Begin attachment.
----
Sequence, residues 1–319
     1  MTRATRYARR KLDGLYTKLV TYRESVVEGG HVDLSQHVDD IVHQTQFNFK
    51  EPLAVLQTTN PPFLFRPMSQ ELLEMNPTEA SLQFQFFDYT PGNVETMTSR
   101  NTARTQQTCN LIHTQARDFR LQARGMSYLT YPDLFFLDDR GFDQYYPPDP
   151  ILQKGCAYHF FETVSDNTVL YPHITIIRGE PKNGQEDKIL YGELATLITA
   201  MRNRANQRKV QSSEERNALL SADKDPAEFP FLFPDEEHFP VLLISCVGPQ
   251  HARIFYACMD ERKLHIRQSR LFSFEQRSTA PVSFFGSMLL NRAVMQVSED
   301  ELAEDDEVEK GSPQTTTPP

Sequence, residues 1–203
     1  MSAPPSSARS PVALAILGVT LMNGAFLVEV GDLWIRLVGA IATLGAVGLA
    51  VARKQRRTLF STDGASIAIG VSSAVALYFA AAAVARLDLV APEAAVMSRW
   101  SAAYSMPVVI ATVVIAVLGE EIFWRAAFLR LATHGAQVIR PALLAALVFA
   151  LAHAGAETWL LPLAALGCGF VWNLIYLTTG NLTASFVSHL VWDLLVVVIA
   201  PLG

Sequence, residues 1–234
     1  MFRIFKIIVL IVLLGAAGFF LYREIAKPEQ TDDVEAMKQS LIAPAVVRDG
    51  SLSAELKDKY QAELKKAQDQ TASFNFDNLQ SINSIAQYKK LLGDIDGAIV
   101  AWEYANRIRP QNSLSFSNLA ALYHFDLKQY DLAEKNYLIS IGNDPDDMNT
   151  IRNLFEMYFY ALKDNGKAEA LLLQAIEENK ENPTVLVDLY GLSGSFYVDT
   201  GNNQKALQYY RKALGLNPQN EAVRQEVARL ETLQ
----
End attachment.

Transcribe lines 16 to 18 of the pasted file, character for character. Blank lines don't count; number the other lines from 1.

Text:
     1  MFRIFKIIVL IVLLGAAGFF LYREIAKPEQ TDDVEAMKQS LIAPAVVRDG
    51  SLSAELKDKY QAELKKAQDQ TASFNFDNLQ SINSIAQYKK LLGDIDGAIV
   101  AWEYANRIRP QNSLSFSNLA ALYHFDLKQY DLAEKNYLIS IGNDPDDMNT